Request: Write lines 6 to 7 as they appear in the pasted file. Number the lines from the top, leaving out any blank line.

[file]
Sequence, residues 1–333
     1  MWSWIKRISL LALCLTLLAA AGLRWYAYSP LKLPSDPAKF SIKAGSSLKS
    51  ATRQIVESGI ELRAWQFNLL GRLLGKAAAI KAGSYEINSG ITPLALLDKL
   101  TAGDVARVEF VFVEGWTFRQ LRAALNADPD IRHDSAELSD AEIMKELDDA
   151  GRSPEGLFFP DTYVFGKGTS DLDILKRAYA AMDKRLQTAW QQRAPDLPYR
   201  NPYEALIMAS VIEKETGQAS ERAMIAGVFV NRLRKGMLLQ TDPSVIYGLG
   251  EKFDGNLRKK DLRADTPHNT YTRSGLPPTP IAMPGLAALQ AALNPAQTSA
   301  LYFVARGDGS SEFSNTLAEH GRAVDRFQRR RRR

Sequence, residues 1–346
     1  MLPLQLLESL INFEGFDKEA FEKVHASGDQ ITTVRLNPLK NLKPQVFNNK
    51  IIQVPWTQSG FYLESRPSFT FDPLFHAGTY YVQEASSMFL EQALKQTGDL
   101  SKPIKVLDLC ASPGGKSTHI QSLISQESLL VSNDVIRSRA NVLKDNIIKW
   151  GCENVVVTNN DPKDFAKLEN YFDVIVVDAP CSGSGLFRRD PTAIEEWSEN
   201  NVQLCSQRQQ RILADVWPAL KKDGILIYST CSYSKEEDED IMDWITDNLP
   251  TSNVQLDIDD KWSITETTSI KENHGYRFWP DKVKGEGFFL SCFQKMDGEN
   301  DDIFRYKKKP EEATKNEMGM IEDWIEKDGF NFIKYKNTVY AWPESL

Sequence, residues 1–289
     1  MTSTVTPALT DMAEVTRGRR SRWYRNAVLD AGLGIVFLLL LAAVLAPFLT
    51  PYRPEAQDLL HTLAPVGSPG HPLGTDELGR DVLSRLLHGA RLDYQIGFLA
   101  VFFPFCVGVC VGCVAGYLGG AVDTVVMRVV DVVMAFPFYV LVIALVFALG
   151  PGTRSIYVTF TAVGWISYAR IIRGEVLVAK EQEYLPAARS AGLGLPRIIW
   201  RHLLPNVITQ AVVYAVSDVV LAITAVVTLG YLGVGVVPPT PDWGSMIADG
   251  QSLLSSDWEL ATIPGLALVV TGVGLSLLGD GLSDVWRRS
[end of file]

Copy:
   201  NPYEALIMAS VIEKETGQAS ERAMIAGVFV NRLRKGMLLQ TDPSVIYGLG
   251  EKFDGNLRKK DLRADTPHNT YTRSGLPPTP IAMPGLAALQ AALNPAQTSA